You are legally responsible for what you post and your anonymity is not guaranteed.
 
Posts that insult, defame, threaten, harass or abuse other readers or people mentioned in IBJ editorial content are also subject to removal. Please respect the privacy of individuals and refrain from posting personal information.
 
No solicitations, spamming or advertisements are allowed. Readers may post links to other informational websites that are relevant to the topic at hand, but please do not link to objectionable material.
 
We may remove messages that are unrelated to the topic, encourage illegal activity, use all capital letters or are unreadable.
 

Messages that are flagged by readers as objectionable will be reviewed and may or may not be removed. Please do not flag a post simply because you disagree with it.

Sponsored by
ADVERTISEMENT

facebook - twitter on Facebook & Twitter

Follow on TwitterFollow IBJ on Facebook:
Follow on TwitterFollow IBJ's Tweets on these topics:
 
Subscribe to IBJ
  1. You are correct that Obamacare requires health insurance policies to include richer benefits and protects patients who get sick. That's what I was getting at when I wrote above, "That’s because Obamacare required insurers to take all customers, regardless of their health status, and also established a floor on how skimpy the benefits paid for by health plans could be." I think it's vital to know exactly how much the essential health benefits are costing over previous policies. Unless we know the cost of the law, we can't do a cost-benefit analysis. Taxes were raised in order to offset a 31% rise in health insurance premiums, an increase that paid for richer benefits. Are those richer benefits worth that much or not? That's the question we need to answer. This study at least gets us started on doing so.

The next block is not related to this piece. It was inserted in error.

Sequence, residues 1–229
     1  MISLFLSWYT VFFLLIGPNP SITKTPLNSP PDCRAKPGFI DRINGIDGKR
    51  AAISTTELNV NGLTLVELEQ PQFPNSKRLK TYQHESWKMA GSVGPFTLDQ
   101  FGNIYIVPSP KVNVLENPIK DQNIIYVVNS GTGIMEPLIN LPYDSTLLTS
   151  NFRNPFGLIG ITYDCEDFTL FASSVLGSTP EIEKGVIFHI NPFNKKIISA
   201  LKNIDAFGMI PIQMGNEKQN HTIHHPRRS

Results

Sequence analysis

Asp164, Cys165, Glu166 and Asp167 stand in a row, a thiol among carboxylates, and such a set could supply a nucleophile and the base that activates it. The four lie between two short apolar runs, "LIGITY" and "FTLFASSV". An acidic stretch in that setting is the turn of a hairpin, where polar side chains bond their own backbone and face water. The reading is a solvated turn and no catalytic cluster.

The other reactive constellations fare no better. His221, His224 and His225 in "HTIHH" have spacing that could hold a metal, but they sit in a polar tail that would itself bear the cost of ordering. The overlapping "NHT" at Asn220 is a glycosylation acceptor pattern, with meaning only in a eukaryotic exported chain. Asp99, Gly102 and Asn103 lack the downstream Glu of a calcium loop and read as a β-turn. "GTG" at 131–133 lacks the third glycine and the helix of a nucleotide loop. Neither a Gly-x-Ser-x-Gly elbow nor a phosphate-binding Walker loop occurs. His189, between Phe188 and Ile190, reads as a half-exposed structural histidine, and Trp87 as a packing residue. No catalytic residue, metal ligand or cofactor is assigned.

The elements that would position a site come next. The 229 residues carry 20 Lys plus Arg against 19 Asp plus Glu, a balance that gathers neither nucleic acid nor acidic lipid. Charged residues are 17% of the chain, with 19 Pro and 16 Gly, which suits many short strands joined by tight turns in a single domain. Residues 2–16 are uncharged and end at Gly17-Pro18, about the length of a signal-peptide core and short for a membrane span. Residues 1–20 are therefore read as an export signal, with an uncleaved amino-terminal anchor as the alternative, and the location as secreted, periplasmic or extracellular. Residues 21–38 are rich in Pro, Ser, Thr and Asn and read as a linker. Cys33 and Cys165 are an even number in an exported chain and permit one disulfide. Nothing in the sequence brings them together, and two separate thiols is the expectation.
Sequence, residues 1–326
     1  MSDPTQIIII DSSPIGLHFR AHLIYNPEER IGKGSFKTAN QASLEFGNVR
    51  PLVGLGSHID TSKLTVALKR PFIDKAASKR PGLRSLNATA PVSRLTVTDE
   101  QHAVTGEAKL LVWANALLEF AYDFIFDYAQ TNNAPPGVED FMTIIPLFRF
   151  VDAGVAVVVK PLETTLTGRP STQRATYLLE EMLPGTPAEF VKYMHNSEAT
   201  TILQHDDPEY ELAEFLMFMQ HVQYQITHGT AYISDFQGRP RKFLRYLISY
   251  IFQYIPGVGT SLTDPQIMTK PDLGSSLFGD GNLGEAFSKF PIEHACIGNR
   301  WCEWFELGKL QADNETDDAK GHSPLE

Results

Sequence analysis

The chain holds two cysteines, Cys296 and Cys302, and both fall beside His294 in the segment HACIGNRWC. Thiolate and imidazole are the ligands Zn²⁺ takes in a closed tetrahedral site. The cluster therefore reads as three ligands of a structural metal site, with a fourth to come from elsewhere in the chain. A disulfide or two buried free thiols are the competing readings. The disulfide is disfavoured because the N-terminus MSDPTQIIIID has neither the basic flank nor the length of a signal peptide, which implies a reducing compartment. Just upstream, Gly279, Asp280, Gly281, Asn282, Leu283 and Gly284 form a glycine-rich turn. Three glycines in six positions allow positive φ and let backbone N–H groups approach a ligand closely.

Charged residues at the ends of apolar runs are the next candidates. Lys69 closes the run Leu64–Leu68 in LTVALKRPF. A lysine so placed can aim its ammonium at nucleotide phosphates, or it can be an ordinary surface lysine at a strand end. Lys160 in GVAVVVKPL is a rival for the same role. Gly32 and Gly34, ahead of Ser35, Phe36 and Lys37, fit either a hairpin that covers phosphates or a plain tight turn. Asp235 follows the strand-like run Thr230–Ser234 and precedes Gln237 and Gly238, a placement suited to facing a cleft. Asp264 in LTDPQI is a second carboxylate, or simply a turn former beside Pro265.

2. *5 employees per floor. Either way its ridiculous.

  3. Jim, thanks for always ready my stuff and providing thoughtful comments. I am sure that someone more familiar with research design and methods could take issue with Kowalski's study. I thought it was of considerable value, however, because so far we have been crediting Obamacare for all the gains in coverage and all price increases, neither of which is entirely fair. This is at least a rigorous attempt to sort things out. Maybe a quixotic attempt, but it's one of the first ones I've seen try to do it in a sophisticated way.

  4. In addition to rewriting history, the paper (or at least your summary of it) ignores that Obamacare policies now must provide "essential health benefits". Maybe Mr Wall has always been insured in a group plan but even group plans had holes you could drive a truck through, like the Colts defensive line last night. Individual plans were even worse. So, when you come up with a study that factors that in, let me know, otherwise the numbers are garbage.

  5. You guys are absolutely right: Cummins should build a massive 80-story high rise, and give each employee 5 floors. Or, I suppose they could always rent out the top floors if they wanted, since downtown office space is bursting at the seams (http://www.ibj.com/article?articleId=49481).

ADVERTISEMENT